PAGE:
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PNT Advisory Board Debates Critical Infrastructure Designation for GPS

June 16, 2015
Inside GNSS, July/August 2015

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The United States’ top advisors on satellite navigation are split over the practical implications of identifying the GPS system as critical infrastructure.

At the heart of the issue is the additional protection such a designation could potentially afford the constellation particularly in the arenas of public and congressional opinion. That protection, however, could come with another layer of time-consuming and possibly constricting bureaucratic requirements.

The GPS system has been considered a "cross-sector dependency" for the Department of Homeland Security’s 16 designated critical infrastructure sectors for at least two years. DHS views 13 of the 16 critical infrastructures areas as critically dependent on PNT, explained board member Martin Faga, while the three remaining sectors had some dependence.

But the GPS constellation itself is not considered critical infrastructure — something the National Space-Based Positioning, Navigation, and Timing (PNT) Advisory Board has long recommended changing. Although that recommendation has languished without action by the PNT National Executive Committee (ExCom) for some time, 9 of the 25 board members still identified it as their top concern during the June board meeting.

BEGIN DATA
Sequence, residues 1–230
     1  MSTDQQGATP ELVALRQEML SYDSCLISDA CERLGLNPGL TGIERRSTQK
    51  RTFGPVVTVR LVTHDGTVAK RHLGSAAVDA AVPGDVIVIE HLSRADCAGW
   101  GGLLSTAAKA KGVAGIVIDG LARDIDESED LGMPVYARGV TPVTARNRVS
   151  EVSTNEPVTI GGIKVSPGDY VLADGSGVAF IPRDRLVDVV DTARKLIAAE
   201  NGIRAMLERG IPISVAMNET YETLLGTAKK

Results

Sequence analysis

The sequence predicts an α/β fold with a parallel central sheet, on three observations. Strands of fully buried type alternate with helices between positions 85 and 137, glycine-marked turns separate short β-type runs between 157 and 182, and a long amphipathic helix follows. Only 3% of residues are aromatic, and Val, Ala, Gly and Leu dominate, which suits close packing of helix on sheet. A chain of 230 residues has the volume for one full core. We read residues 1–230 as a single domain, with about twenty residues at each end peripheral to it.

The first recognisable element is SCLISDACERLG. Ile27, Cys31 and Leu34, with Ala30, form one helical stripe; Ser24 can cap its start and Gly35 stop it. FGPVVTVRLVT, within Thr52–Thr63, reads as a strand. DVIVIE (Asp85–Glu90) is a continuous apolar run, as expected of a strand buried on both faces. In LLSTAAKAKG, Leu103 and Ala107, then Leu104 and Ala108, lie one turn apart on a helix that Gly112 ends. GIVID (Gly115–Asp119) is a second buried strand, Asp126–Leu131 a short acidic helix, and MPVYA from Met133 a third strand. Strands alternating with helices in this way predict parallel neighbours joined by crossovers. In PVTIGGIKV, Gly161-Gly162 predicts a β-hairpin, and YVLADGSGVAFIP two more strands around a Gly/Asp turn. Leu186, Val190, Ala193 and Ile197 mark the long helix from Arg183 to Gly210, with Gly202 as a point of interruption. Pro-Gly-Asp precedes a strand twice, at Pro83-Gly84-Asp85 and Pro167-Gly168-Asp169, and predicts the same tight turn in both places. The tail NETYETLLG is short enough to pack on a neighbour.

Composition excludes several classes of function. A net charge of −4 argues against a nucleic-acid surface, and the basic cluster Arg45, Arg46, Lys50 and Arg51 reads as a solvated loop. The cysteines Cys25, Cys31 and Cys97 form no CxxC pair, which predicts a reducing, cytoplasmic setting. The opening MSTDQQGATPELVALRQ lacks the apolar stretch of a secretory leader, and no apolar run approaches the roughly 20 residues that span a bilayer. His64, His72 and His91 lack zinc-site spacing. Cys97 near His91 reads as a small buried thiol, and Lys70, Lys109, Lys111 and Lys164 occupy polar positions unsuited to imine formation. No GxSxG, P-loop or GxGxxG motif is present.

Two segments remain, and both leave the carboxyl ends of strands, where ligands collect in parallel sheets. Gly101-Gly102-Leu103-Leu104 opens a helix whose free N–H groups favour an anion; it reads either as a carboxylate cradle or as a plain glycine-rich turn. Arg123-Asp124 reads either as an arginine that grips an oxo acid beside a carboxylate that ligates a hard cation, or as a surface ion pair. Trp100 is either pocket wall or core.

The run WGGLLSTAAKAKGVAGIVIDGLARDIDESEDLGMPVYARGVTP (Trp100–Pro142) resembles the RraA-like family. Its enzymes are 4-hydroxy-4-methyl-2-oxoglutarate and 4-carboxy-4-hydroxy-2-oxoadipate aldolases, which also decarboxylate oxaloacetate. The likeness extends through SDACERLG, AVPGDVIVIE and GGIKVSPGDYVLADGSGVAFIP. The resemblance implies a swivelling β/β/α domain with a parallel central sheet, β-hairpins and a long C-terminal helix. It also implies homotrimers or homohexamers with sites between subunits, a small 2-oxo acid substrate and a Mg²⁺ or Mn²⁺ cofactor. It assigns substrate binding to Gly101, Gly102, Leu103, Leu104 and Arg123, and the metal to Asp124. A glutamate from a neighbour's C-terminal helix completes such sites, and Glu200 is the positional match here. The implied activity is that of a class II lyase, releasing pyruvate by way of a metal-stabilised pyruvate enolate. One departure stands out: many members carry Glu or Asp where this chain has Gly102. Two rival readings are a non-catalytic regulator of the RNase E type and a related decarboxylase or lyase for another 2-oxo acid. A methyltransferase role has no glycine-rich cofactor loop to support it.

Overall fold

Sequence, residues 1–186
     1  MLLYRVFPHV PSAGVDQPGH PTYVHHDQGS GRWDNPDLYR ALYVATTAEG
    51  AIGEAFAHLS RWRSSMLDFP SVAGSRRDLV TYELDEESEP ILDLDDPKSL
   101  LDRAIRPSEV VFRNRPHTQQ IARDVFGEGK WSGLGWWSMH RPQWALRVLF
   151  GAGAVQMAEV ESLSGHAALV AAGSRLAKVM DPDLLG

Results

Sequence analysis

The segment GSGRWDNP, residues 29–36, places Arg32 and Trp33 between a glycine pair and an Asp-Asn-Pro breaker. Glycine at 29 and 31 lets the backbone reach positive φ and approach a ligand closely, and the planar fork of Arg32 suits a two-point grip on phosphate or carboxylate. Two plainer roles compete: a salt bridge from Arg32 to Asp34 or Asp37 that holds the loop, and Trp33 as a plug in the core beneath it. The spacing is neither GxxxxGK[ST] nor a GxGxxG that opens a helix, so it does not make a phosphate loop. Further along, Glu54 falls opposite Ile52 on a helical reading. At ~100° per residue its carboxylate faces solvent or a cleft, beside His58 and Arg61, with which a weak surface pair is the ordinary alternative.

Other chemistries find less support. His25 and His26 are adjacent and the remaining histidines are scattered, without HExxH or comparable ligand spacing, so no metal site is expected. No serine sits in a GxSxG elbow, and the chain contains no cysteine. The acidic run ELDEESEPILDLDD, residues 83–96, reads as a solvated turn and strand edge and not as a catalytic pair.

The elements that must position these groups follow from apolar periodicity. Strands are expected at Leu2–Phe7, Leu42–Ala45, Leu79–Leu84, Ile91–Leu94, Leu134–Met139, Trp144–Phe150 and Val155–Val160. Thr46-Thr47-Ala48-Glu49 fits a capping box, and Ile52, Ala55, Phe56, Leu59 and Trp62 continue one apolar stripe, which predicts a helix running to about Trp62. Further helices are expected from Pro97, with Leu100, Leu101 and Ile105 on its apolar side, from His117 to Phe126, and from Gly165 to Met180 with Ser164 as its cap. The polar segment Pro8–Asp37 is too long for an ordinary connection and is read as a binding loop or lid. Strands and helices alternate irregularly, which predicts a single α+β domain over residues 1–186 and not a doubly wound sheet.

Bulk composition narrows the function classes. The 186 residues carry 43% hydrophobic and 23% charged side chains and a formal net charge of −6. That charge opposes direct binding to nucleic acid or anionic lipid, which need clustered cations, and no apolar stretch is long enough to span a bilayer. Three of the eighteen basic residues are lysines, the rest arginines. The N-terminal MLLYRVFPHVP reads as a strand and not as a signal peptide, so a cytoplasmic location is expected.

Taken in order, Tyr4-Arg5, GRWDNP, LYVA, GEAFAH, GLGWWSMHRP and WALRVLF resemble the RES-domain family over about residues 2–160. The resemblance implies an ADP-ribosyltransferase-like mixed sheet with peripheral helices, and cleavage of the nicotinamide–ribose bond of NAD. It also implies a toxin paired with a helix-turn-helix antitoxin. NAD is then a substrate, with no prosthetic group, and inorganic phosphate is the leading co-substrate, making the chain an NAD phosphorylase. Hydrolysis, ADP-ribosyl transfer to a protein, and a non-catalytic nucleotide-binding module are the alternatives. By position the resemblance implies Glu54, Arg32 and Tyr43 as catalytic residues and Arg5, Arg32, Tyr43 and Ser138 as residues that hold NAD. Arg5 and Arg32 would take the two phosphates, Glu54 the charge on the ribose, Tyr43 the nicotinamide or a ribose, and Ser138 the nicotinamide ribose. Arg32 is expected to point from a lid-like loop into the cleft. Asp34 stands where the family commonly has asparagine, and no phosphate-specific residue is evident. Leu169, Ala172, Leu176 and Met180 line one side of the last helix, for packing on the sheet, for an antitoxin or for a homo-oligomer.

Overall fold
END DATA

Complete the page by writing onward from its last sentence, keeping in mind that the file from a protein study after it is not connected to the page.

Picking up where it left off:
“We felt the understanding and responses to threats to GPS would be better enhanced if it was recognized as critical infrastructure,” explained board Vice Chair Brad Parkinson. “Our recommendation was to designate it as critical infrastructure.”

Part of the hesitation has been concern over whether such a designation is actually helpful within DHS’s voluminous bureaucracy.

During a May 2013 board discussion of the issue, Jan Brecht-Clark, then-director of the National Coordination Office (NCO) for Space-Based PNT, told the advisory board that the idea had been discussed and set aside by the ExCom’s Executive Steering Group because GPS “actually permeates all of (the sectors) and needs to be raised across all of them.”